Psoriasis is a chronic inflammatory disease with a complex pathophysiology and a multigenic background. Autoimmunity and genetic hallmarks couple to confer the disease, which is characterized by chronic plaques (85-90% of all cases) and/or psoriasis arthritis (PsA), and involve the peripheral and sacro-iliac joints, nails, and skeleton. Dissecting the ethiopathogenetic mechanisms of psoriasis and PsA is a major basic research challenge. One important question is whether a single inflammatory mediator can be responsible for the interactive network that forms between immune cells and cytokines in this disease. Despite much progress, no research has yet been able to define a single model to explain the multifaceted pathogenesis of psoriasis and PsA. It is known that both the innate and adaptive immune systems are involved, antigen presenting cells and T lymphocytes play a prominent role, and that the deregulation of the T helper (Th)- 1/Th-2/Th-17/Th-23 axis is directly implicated in disease pathogenesis.
Pharmacological therapy for psoriasis has evolved with the development of human knowledge of the disease pathophysiology. Thus, the first “ethiopathogenetic” drugs (e.g., methotrexate, cyclosporin, and alefacept) inhibited T-cell activation directly or targeted coaccessory molecules implicated in T-cell activation. When the mechanism underlying psoriatic inflammation was accepted as a cytokine network disorder, more specific biologics were studied in murine models and were later used clinically. Tumor necrosis factor was the first successful target of cytokine inhibition therapy for psoriasis and PsA (e.g., infliximab, adalimumab, and etanercept). With the recently discovered role for Th-17 in autoimmunity, drugs targeting interleukin-23 (ustekinumab) have become accepted for the pharmacological treatment of psoriasis.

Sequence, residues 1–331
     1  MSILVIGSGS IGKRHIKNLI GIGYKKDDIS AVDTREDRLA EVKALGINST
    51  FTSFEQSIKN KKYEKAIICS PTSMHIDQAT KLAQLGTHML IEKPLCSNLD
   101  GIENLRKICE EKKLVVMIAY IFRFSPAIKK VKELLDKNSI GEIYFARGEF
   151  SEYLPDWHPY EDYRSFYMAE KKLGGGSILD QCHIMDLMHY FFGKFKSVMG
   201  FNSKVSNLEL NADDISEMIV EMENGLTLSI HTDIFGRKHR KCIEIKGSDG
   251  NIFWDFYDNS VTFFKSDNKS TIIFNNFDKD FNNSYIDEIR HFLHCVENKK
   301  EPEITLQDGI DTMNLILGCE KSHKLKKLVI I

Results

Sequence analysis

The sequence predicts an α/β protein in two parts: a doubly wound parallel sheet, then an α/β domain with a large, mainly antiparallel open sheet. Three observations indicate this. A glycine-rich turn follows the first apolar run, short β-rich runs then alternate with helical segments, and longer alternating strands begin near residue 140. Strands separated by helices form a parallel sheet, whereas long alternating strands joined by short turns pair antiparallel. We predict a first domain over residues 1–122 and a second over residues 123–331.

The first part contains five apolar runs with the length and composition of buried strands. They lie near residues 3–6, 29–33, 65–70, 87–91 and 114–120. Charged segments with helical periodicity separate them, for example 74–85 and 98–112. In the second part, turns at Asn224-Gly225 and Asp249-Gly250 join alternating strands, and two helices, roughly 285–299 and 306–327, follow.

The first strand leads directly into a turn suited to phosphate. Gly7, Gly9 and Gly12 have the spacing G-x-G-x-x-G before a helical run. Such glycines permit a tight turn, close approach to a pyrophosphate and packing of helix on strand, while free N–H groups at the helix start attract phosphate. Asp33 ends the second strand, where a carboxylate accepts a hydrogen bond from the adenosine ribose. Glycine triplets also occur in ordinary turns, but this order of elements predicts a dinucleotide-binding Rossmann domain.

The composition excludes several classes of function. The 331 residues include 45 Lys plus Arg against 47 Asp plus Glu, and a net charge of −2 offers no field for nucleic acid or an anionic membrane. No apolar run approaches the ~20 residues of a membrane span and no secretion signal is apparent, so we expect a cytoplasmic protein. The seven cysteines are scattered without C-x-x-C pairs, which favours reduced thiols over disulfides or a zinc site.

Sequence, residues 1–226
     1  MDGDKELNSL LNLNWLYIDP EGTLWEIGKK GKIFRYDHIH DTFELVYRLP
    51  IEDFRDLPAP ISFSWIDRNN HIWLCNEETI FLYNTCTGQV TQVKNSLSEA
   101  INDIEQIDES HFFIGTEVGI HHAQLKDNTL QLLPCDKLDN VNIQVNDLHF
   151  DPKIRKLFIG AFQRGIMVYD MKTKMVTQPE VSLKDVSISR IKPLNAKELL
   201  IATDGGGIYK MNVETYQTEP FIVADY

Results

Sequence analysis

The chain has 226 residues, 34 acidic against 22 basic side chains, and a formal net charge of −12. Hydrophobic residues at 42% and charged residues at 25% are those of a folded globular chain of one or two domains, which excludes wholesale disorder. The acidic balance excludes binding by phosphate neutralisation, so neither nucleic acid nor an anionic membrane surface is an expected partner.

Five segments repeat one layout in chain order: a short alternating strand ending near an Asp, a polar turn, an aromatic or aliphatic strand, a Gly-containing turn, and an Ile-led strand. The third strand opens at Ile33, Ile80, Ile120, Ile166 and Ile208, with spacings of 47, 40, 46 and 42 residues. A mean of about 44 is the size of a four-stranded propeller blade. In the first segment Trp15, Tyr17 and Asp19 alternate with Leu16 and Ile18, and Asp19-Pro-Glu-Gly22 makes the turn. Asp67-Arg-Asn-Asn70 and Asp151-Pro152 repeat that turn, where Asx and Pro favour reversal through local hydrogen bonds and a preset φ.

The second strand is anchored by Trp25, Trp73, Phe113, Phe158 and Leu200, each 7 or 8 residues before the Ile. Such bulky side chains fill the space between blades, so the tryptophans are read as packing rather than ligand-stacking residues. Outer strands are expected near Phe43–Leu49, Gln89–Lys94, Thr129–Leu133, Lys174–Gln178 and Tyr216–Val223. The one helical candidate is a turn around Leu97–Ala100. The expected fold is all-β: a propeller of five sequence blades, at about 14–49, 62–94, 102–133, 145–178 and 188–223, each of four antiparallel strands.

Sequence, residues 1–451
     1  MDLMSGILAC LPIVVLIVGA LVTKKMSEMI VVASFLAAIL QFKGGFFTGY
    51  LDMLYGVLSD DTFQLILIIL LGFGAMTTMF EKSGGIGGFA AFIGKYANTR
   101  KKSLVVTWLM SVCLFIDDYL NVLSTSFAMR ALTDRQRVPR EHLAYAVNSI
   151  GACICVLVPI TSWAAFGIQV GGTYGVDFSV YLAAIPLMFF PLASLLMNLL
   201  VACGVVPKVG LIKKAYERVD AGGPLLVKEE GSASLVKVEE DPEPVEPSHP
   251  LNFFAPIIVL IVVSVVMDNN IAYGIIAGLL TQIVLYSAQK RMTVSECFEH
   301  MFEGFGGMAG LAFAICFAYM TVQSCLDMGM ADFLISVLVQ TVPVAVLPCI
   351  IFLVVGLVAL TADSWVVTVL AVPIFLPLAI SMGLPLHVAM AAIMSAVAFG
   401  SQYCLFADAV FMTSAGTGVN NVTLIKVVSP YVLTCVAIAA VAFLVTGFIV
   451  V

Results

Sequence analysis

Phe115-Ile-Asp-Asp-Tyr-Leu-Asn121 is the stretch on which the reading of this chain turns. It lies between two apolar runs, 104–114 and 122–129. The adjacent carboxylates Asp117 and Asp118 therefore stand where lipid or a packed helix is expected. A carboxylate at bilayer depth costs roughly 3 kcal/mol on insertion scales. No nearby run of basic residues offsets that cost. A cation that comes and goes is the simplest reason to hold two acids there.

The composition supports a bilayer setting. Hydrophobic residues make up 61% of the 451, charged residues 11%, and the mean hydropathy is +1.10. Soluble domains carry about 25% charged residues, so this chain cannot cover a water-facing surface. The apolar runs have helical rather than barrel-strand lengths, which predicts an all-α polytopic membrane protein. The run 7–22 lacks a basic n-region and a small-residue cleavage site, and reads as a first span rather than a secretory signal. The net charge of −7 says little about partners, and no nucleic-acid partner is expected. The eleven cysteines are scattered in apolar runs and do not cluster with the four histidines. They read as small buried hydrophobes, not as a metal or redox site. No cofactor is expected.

The expansion of pharmacological treatment options for psoriasis is not complete. As the knowledge of pathogenetic mechanisms increases, it may be possible to design therapeutic approaches that selectively target the ethiopathogenetic cells or cytokines while sparing the others. In this way, using a more targeted drug therapy may preserve the integrity of the immune system. Thus, one great struggle in treating this complex disease is the challenge to synthesize the “perfect” drug.
Keywords: Psoriasis, psoriasis arthritis, biological therapy, TNF-α antagonists, IL-12/IL-23 antagonists, T-helper differentiation, keratinocyte proliferation/differentiation, autoimmunity, inflammation, cytokines